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EPA Tightens Limits on Ambient Soot in New Final Rule

The Environmental Protection Agency (EPA) recently issued updated air pollution standards that will reduce the limits for fine particulate matter, also called soot, for the first time in more than a decade.

Fine particulate matter (PM2.5) in the atmosphere is created through many manmade and natural processes. Human-generated sources include emissions from burning fossil fuels, including combustion processes, industrial activity, and transportation-related emissions like diesel engines. PM2.5 can also be created through natural functions like volcanic eruptions and atmospheric chemical reactions between airborne pollutants.

Short- and long-term exposure to PM2.5 can cause a myriad of health problems, primarily in the neurological and respiratory systems, due to the ability of the particulates to reach deep within the lungs, where they can enter the bloodstream. According to the EPA, exposure to PM2.5 can lead to asthma, decreased lung and respiratory function, arrhythmia, and heart attacks, as well as other chronic illnesses.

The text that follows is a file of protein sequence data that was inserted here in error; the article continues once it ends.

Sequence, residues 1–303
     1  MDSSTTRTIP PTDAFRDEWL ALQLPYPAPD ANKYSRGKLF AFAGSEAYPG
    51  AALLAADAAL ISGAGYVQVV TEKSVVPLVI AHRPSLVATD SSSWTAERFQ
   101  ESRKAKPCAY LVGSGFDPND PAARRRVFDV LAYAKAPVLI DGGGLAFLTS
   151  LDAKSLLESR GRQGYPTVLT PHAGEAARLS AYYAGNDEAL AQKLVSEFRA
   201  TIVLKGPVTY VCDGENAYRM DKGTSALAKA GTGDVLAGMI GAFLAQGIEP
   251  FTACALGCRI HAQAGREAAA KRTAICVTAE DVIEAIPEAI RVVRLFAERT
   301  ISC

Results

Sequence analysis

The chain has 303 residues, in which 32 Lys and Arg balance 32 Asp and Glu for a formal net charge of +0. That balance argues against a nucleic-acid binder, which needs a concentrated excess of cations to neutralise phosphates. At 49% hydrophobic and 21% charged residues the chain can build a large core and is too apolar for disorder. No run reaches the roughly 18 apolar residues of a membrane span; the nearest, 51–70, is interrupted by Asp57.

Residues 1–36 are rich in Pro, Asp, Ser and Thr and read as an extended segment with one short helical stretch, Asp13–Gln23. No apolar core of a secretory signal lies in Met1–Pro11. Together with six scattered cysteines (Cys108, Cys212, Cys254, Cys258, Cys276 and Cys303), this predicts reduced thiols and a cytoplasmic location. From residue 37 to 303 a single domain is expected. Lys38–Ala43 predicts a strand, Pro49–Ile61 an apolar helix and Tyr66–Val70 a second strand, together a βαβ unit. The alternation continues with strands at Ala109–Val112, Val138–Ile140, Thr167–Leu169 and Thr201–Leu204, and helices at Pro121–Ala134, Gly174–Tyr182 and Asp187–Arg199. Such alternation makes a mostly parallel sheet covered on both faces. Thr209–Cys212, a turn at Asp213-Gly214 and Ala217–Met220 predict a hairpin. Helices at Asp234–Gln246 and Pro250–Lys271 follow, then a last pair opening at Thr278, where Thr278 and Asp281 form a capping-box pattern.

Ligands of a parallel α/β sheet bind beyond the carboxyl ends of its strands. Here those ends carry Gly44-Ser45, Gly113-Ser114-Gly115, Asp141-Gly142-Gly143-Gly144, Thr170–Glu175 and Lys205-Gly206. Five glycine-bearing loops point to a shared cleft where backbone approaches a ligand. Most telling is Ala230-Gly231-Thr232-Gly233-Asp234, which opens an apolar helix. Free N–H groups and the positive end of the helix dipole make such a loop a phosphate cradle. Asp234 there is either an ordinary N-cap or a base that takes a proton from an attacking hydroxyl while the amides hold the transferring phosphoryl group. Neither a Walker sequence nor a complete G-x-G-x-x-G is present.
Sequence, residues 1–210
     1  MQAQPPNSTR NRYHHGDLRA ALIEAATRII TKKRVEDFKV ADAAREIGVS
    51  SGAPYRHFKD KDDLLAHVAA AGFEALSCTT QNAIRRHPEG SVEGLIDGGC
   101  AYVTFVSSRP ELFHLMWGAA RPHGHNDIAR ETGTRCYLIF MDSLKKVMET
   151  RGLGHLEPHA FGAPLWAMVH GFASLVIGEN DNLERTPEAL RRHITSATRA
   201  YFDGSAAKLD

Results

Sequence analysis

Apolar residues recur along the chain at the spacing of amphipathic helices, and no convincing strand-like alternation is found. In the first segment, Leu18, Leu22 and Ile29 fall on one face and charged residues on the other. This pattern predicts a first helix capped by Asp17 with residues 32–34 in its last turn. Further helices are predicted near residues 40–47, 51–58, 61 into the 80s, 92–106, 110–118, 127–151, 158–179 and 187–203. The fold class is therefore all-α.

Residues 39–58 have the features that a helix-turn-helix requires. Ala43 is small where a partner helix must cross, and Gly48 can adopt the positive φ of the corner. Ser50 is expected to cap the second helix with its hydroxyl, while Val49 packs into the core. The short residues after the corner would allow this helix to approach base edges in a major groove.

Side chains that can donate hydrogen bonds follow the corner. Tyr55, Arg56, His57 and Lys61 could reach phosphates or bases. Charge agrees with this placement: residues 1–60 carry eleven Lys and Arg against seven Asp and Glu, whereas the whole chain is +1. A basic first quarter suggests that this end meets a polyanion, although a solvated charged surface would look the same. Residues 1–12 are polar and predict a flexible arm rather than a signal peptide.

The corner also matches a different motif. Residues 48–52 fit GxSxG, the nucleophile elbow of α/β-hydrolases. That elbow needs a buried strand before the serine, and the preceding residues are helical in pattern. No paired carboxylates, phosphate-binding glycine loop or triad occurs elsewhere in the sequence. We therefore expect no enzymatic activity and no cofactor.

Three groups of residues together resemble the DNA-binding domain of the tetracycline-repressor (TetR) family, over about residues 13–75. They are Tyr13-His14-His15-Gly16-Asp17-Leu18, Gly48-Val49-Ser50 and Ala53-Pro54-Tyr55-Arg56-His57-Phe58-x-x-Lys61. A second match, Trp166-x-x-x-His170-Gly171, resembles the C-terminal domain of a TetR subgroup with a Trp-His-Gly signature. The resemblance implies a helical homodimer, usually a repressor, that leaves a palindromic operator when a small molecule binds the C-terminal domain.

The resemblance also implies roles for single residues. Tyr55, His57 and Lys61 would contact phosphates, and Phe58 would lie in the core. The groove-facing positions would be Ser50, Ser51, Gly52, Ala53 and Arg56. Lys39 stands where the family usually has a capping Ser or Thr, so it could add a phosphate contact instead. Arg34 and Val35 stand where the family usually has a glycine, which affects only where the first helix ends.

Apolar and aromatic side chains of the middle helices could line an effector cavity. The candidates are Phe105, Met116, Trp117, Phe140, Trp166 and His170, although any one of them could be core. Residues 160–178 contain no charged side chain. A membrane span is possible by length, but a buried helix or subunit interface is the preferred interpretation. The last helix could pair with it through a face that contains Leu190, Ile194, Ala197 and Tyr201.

Under the new rule's provisions, the acceptable atmospheric concentration of PM2.5 will be reduced from 12 micrograms per cubic meter (µg/m3) to 9 µg/m3. In a statement, EPA Administrator Michael Regan said that the updated rule “will save lives and make all people healthier”.

The move is being regarded as “historic” as atmospheric soot standards have not been lowered since 2012 and reverses decisions by both the Obama and Trump administrations not to reduce the standard due to economic considerations.

The economic effects of the more stringent rules are the basis for opposition to the rule change. Critics argue that the 9 µg/m3 limit is “not realistic”, and would be a burden on industry, especially the energy and manufacturing industries, which will have to invest heavily in technology to reduce emissions. Additionally, concerns regarding the enforcement of these rules, and the costs of doing so, have been raised.

Proponents note that the positive effects of the rule would not only be environmental and health related, but also economic. A White House press release on the rule notes that the tougher rules will prevent “up to 4,500 premature deaths and 290,000 lost workdays,” which would equate to a $46 billion net benefit in human health in 2032 when the rule will be fully enforced.

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